In his farewell address, President Obama returned to the basic theme that propelled him to national attention and to the White House – We the People have the power and the duty to make the United States a more perfect union. The audacious challenge comes at a moment when we face a transition of power to a presidency that no doubt will be, charitably put, one of the most unconventional in history.

I say: Now is the time for us to take up this challenge and organize to resist a Congress and a president who will take us backward on any number of issues.

President Obama reminded us that the unalienable rights of life, liberty, and the pursuit of happiness “while self-evident, have never been self-executing.” The work of citizens is to use our freedom to work toward both our own dreams and toward the common good. He spoke of his achievements, and he said they were also our achievements:

“reverse a great recession, reboot our auto industry, . . . unleash the longest stretch of job creation in our history. . . open up a new chapter with the Cuban people, shut down Iran’s nuclear weapons program without firing a shot, take out the mastermind of 9-ll . . . win marriage equality and secure the right to health insurance for another 20 million of our fellow citizens. . . ”

These achievement are a testament to democracy, but President Obama warned of three major threats to our democracy – income inequality, racism, and societal fragmentation along with self-selected facts. He called upon us to stay engaged with the global struggle “to expand democracy and human rights and women’s rights and LGBT rights.”

He warmed us about complacency. He said: “our democracy is threatened whenever we take it for granted.” He spoke of the importance of voting rights, of the “corrosive influence of money in our politics” and the problem with gerrymandered congressional districts. He warned against seeing our political opposition as malevolent rather than misguided.

President Obama asked for us to have faith in our ability to create positive change because we did that during his presidency, and yes we can going forward. He spoke with hope and with a generosity toward his political opponents that I do not think expresses the true character of our politics. When we consider the 2009 inauguration night conspiracy where congressional leaders of the GOP conspired not to work with President Obama on ANYTHING even though the country was facing a near collapse of our financial system and two wars, when we further consider the theft of a Supreme Court nomination in violation of the United States Constitution while GOP leaders in the Senate speak about fidelity to the Constitution, it is difficult to see these actions as simply misguided. No, these actions were malevolent. They were done to cause harm to President Obama and thereby to the country.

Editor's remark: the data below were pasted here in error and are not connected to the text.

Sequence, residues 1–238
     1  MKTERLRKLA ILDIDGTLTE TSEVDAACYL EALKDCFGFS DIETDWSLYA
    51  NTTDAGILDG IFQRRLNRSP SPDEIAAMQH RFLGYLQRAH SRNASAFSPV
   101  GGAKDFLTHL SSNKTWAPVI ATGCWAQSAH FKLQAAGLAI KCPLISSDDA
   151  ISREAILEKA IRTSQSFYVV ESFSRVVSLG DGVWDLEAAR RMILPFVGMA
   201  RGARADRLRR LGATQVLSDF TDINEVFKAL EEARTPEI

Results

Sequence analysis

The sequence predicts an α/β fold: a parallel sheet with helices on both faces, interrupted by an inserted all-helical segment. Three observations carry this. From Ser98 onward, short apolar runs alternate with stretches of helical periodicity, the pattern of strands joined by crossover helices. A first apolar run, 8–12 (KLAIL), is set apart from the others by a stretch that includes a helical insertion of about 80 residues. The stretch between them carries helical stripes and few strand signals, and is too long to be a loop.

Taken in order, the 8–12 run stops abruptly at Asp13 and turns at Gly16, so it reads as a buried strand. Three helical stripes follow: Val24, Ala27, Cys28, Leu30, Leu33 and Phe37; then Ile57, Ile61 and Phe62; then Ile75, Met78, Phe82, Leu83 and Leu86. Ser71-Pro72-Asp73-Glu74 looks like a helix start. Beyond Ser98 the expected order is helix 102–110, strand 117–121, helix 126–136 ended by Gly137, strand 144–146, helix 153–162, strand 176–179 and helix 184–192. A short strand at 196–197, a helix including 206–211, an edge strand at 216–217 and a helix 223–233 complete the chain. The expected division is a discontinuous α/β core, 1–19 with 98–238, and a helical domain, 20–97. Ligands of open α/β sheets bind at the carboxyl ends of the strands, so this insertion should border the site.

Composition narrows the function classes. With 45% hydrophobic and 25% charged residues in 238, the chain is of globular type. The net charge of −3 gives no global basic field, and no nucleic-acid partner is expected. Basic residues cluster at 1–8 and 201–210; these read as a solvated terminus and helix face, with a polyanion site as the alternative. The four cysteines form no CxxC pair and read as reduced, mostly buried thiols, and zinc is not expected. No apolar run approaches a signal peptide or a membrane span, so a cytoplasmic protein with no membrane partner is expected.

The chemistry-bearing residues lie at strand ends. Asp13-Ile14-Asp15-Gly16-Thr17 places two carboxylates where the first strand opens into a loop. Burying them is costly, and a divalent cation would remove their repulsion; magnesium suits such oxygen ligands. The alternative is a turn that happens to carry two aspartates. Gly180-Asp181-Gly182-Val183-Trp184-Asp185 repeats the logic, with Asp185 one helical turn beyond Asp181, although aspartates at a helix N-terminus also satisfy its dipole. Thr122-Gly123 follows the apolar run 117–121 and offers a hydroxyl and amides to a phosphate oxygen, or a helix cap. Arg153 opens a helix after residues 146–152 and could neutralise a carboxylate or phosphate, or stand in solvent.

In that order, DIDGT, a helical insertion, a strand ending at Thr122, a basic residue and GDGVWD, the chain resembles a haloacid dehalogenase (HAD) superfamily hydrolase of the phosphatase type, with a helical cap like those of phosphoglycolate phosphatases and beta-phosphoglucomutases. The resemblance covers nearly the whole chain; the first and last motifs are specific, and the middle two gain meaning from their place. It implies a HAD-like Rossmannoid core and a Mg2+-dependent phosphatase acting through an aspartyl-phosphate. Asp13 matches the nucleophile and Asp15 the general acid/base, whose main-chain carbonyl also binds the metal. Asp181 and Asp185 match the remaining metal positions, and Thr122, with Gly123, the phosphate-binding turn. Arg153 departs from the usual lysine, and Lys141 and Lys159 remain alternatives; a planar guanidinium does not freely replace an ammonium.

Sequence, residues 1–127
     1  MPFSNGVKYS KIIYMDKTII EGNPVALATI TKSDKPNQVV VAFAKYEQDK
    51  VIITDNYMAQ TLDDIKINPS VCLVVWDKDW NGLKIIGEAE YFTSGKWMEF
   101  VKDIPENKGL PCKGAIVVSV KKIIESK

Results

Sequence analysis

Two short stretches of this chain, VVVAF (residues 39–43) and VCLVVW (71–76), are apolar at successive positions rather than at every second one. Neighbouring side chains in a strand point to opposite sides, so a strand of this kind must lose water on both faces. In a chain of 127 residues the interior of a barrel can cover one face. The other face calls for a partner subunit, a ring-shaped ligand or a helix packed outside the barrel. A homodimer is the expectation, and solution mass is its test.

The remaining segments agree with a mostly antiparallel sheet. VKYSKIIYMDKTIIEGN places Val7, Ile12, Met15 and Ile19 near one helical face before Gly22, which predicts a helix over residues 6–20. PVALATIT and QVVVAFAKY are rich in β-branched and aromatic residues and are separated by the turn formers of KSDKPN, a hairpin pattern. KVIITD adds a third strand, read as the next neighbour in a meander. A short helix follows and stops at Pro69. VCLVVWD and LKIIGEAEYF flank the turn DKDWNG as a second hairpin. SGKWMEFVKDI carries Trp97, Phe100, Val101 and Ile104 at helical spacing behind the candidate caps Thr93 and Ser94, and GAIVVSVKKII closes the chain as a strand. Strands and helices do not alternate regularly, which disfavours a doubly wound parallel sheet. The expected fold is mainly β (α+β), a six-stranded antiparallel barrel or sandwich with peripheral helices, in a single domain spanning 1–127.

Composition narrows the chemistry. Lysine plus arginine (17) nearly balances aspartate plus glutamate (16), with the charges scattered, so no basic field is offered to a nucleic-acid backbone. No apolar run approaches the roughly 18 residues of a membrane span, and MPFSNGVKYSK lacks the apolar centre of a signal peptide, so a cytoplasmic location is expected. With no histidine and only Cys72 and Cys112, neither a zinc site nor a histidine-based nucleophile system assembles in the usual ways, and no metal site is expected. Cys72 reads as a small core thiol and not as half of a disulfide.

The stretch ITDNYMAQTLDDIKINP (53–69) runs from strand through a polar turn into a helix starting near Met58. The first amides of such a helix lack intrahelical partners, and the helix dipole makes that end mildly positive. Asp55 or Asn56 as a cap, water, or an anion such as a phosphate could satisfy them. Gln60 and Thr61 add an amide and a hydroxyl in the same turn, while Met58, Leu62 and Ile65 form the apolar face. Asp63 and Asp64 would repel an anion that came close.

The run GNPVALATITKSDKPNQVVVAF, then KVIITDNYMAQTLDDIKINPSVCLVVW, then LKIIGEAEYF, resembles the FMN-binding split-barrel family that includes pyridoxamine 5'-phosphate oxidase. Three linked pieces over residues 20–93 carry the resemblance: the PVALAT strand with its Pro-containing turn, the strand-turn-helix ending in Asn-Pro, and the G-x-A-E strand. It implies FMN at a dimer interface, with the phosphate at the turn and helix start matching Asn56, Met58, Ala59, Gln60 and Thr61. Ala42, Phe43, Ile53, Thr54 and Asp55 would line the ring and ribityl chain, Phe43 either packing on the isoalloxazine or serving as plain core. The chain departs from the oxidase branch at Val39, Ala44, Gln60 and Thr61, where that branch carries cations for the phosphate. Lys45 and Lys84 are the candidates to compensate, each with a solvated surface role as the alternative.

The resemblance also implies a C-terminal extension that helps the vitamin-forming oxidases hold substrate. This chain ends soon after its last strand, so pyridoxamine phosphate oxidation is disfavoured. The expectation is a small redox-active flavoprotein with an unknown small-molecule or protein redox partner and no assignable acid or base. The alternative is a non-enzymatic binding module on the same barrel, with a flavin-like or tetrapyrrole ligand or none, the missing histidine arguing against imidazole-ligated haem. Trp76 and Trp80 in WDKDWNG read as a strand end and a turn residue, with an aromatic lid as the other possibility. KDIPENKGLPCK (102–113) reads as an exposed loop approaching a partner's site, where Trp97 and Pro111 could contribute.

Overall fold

And the Grand Obstructionist Party paid no political price. They won the Electoral College and maintained control of both chambers of Congress. They have won governorships and statehouses across the nation. Given these facts, we progressives have our work ahead of us. It will take a determined resistance to stop the Republican Congress from taking health care away from millions, roll back voting rights and stall efforts to combat climate change.

Donald Trump has yet to articulate a coherent foreign policy. His nominee for Secretary of State – Rex Tillerson – seems unable to call Russian military tactics against civilians in Syria war crimes. Republicans still criticize President Obama for not perpetrating an act of war on a sovereign nation who had done no harm to the United States because Bashar al-Assad crossed a rhetorical red line. They continue to fail to give President Obama credit for working with Russia to destroy most of Syria’s chemical weapons. They want to outsource US Middle East policy to Israeli Prime Minister Benjamin Netanyahu.

We have no idea what will happen to a woman’s right to choose her own health care and to LGBT rights when Trump makes his appointments to the many vacancies in the federal judiciary, including the Supreme Court.

What we do know is that progressives will have to unite because disunity cost Hillary Clinton Wisconsin, Michigan and Pennsylvania. Add together the votes of Hillary Clinton and Jill Stein and Donald Trump would have lost those states. We hear much about the Democrat’s failure to speak to people worried about jobs in the rust belt, but the progressive message reached enough people in at least three states to have won them had progressives been united.

Even so, progressives will have to make the progressive case to people in red-states, in small towns and rural areas. We will have to explain to workers in the fossil fuel industry that the jobs of the future will be found in renewable energy. We will have to show how right to work laws are really only right to work without union protections. We will have to explain how Medicare for all is the best way to deliver universal health care. We will have to organize meetings where conservative people can meet transgendered people and learn that they are not a threat to children in bathrooms. We will have to come out of our comfort zones to make a stronger case that progressive policies are better for the sustenance and joy of individuals, families, communities, the nation, and the world.

Can we meet this challenge?

Yes we can.

 

 

 

Valerie Elverton Dixon is founder of JustPeaceTheory.com and author of “Just Peace Theory Book One: Spiritual Morality, Radical Love, and the Public Conversation.”


Bookmark and Share